Combine seven musicians with pine desert soul, funk, hip hop, psychedelic, rap, pop, and yucca fire blues, and you might end up with something like Maraj. This Kalamazoo based group has somehow managed to craft a dynamic, coherent sound and style out of a wide range of influences and elements - and it’s LEGIT.
Here’s how we went about creating their first music video:
When Ben and Andy (from Maraj) first approached us with “Pointers,” they envisioned it set in a true house party, and wanted ,above all else, for this to be a true hip-hop music video. From this alone, we planned to shoot our rappers at low, wide angles, and in multiple locations. Also - shoot the heck out of crammed, high energy, living room jamming/dancing.
Stylistically, we wanted to visually embody what we felt when listening to the song. Dramatic red lighting was inspired from the darker, serious sounds and driving bass. The still profile close ups and slow motion draw from the abstract, psychedelic shift when the female vocals take over on the choruses.
After a location scout, we drew up a shot list that was prioritized from the crucial shots on down to ‘well, that’d be nice if by some miracle we still have time to get it.’ We only had one day, but really, about 6 hours to film the ENTIRE music video. This is where a shot list is our best friend - even if we forego 30% of what’s written down, it gives us a constant tangible goal and keeps us organized and sharp on set.
One last team briefing at the office. Pack up the cars. Buy winter gloves, gum, granola bars and RedBulls on the way. Arrive to the house around 5pm. Maraj is showing up at 6pm, and 20 extras are coming at 7pm. Order pizza immediately. Unload the gear. Find a safe place to keep our gear. Put the lights on stands, lenses on cameras, and take one last look at the shot list and locations. Lights, camera, music video.
Maraj and all their friends were really great to work with. Some people needed more persuading to join the action than others, but all in all, the vibe on set was great. Everyone kept great energy going all night despite performing and dancing to the same song 20 times in a row.
The majority of the music video was filmed on a Canon C100 mounted to a Freefly Movi M5 stabilizer with a 16-35mm lens. This was our workhorse, allowing us to get smooth, beautiful shots without the hassle of a clunky jib or slider setup in tight quarters. Slow motion was filmed handheld at 120 fps on our Sony FS700. For lighting we used 3 LED panels and 2 small Lowell minis with color gel combos.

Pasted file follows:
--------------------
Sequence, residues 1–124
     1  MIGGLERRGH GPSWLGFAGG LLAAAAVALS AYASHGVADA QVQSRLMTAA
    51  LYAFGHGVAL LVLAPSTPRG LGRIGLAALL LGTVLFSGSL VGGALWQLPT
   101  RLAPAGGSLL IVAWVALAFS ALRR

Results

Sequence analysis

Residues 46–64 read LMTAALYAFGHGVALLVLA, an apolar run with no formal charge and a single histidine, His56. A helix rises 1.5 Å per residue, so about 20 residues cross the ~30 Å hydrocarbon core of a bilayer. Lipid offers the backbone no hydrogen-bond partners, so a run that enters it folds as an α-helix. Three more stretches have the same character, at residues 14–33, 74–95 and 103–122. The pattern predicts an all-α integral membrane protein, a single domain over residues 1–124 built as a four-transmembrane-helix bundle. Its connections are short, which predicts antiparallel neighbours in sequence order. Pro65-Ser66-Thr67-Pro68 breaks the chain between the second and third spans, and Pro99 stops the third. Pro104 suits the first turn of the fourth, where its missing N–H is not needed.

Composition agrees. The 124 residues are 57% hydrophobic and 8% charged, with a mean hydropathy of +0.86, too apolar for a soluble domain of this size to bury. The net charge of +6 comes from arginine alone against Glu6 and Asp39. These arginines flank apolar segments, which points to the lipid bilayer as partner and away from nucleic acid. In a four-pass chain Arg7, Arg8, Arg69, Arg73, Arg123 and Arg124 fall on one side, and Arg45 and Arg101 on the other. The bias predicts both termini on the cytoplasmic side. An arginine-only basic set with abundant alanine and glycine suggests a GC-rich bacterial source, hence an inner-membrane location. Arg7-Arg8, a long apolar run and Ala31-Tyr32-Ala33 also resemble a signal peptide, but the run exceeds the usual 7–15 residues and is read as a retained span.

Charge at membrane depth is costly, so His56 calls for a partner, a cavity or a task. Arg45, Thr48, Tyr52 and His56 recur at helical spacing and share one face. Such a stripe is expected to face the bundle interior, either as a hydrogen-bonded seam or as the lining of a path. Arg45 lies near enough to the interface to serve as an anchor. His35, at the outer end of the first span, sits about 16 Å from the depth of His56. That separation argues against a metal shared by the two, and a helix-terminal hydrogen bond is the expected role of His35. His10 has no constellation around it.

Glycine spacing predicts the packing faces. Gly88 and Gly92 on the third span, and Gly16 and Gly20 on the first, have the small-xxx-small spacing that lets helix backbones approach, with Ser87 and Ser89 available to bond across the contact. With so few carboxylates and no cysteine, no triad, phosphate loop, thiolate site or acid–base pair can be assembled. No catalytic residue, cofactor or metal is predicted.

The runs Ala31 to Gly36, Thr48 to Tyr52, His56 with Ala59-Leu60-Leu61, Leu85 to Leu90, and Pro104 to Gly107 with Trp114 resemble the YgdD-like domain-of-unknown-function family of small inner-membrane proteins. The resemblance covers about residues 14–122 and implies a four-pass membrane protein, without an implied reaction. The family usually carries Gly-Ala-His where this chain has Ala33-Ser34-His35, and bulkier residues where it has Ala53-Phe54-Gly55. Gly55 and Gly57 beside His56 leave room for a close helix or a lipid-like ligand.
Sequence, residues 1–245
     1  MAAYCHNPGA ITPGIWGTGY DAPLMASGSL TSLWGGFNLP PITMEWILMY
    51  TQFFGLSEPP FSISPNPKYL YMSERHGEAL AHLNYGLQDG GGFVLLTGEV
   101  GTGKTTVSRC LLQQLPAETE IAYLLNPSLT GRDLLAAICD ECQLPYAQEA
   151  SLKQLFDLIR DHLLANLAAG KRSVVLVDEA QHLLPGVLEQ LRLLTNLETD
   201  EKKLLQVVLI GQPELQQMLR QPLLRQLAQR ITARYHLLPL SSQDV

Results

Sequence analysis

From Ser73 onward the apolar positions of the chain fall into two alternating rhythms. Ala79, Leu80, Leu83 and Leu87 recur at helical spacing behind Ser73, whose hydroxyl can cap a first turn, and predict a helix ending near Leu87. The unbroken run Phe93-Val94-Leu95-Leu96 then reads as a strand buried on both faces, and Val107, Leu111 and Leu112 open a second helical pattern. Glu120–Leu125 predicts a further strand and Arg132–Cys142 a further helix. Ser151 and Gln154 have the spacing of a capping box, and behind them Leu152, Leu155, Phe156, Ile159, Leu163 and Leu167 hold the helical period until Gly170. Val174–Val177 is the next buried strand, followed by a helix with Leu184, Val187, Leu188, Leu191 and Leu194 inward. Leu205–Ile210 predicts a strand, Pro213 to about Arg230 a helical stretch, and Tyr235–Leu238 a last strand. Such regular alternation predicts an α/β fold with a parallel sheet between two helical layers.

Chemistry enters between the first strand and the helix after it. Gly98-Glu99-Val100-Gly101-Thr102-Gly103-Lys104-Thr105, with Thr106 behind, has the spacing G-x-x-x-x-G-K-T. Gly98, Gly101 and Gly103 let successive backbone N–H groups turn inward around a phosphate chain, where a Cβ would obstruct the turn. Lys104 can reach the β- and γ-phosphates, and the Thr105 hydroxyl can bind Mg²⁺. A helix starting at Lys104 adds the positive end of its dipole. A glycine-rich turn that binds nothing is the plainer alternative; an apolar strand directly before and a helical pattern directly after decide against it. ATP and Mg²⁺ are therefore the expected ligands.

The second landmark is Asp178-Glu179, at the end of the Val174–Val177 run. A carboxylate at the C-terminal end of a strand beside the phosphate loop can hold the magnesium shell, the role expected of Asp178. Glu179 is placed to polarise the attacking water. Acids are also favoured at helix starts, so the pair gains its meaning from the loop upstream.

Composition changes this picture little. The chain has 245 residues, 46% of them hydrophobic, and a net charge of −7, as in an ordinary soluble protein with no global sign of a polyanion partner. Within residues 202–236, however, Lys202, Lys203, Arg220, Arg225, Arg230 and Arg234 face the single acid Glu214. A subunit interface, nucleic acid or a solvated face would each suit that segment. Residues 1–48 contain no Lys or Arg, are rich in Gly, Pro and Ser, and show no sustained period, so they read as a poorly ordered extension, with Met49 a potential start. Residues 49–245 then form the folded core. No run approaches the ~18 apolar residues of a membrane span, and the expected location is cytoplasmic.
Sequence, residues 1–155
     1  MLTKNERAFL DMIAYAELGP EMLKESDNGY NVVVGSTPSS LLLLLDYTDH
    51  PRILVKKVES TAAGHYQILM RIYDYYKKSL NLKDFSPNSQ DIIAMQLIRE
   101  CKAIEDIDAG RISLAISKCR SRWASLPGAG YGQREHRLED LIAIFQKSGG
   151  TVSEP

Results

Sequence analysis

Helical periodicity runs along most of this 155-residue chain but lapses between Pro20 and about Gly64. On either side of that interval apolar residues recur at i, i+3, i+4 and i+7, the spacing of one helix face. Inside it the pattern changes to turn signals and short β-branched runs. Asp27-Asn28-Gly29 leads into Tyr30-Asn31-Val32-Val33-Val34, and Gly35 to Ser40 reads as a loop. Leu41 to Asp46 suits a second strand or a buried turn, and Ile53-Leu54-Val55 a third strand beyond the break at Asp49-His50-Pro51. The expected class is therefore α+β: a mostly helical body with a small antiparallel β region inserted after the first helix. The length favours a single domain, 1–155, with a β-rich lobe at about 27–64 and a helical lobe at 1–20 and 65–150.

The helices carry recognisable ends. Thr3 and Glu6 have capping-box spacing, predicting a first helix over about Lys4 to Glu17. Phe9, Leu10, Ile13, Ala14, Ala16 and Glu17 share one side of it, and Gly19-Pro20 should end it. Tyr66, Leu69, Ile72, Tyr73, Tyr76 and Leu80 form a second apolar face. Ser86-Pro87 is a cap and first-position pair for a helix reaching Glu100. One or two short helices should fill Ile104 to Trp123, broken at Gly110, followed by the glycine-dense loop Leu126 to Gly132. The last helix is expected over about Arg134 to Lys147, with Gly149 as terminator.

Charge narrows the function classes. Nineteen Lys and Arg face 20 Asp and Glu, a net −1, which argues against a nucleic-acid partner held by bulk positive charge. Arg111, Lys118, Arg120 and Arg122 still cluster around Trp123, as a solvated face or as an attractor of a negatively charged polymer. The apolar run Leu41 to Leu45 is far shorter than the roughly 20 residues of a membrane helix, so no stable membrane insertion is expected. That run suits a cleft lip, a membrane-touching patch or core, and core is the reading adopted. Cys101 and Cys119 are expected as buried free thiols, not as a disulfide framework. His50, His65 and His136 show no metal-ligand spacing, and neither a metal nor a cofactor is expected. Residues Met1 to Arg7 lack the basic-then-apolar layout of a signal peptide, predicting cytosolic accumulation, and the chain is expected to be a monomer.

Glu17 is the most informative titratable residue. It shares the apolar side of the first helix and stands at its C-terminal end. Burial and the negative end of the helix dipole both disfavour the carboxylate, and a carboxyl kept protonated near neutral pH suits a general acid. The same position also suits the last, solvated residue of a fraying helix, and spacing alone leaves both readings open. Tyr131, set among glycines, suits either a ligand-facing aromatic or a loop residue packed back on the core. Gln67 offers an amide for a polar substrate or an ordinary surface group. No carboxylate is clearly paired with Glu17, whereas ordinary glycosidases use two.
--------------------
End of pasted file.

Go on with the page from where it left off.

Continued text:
The first thing we did in post was create a rough edit to see what we were working with. What drove the edit at this stage was nailing the transition to slow motion during the chorus, and making sure our cuts made sense and felt right with the music. We don’t use too many fades, but slowing the party down, and layering clips on top of each other ending up creating a really effective, almost dizzying party feel.
The kaleidoscope effect was inspired by Maraj’s cover art, and added the perfect flavor to the psychedelic choruses and middle-eastern samples. We created these in After Effects using footage from the shoot composed with 3D geometric shapes using the Element 3D plugin. The shapes and some of the kaleidoscopic backgrounds were programmed to pulse and spin with the beat of the drums.
We color graded everything dark and cinematic to really throttle the eerie, dramatic feel of the song. After one small round of revisions with Maraj, presto bango - we had ourselves a finished music video.
The people from Maraj were great to collaborate with. They take their art seriously, and brought a lot of passion to this project. At the same time, they put they a lot of trust in us - which we’re always honored by. It’s really cool to partner with a client whose art we have high regard for, and who feels the same about ours.
- Jeremy Angeletti, Project Lead and Director
Official music video for Pointers by Maraj maraj.bandcamp.com/